I recently had the pleasure of attending the Sacred Fire Foundation's Ancient Wisdom Rising conference at the Blue Deer Center in upstate New York. The event brought together elders from Colombia, Brazil, India, and the U.S. It was a wonderful experience, and it gave me the opportunity to reflect on what it means to be an elder.

Most often in our modern culture, the word elder is merely applied to one who has managed to live a long time. But in a traditional context, an elder is much more than just an old person. Elders are people who have experienced some kind of formal initiation into adulthood, and as they grow older, there may even be a second ritual to mark their passage into their later years.

Whereas in our culture we tend to look up to people who have status, power, or money, in a traditional culture these would be looked upon as superficial values. An elder is not someone who is "successful" according to these standards. Rather, they have demonstrated a hard-won wisdom that comes from making personal sacrifices on behalf of their people. They may have little money, but they are rich in experience.

In a traditional culture, elders become the leaders. That does not necessarily mean one person in charge. For example the Onondaga people whose homelands are near the Blue Deer Center have a council of grandmothers who recruit the chiefs and really set the vision for the tribe. Because of their wisdom and experience, the perspective of the grandmothers is weighed more heavily, but everyone still has their say.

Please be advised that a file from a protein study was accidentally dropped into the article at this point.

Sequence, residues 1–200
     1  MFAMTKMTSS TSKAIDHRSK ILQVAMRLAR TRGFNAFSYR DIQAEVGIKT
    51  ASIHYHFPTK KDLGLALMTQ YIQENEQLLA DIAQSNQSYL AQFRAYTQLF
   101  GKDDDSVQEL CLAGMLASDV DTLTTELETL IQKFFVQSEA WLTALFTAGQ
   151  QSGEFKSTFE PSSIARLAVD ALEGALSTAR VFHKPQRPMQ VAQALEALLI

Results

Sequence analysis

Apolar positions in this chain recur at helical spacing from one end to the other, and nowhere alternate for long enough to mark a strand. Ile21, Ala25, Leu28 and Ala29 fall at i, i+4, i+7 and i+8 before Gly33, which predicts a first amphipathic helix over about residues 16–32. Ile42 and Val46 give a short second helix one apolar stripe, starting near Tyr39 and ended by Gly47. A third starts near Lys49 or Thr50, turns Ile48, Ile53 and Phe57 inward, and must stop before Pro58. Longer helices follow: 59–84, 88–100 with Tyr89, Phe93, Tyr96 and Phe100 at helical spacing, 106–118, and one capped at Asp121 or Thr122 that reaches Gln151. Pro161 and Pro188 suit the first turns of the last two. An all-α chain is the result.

That we lack true elders is perhaps apparent most starkly as we endure the protracted drama of another presidential election campaign. It seems like every campaign shows a new level of bombastic rhetoric. Candidates viciously attack one another and typically the one with the largest campaign chest–and all of the promises to special interests implied therein–is the one who wins. To become the "leader of the free world," one needs ruthlessness far more than wisdom or integrity.

We confront some truly monumental challenges: climate change and other environmental catastrophes, tense race relations, political and economic polarization, etc. All this makes for an era when we desperately need the balance, vision, and compassion which elders offer. We cannot expect our so-called leaders in Washington or the various state capitals or the corporate boardrooms to be capable of leading us to a better future. The work is far closer to home. How do we ourselves become elders? How do we acquire the wisdom that we need not only for today but--as native people often say--seven generations into the future? One step is to begin seeking out true elders and modeling their behavior. Another is to support those vanishing traditions that cultivate true elderhood. This is precisely the work of the Sacred Fire Foundation. For more information, click on Sacred Fire Foundation.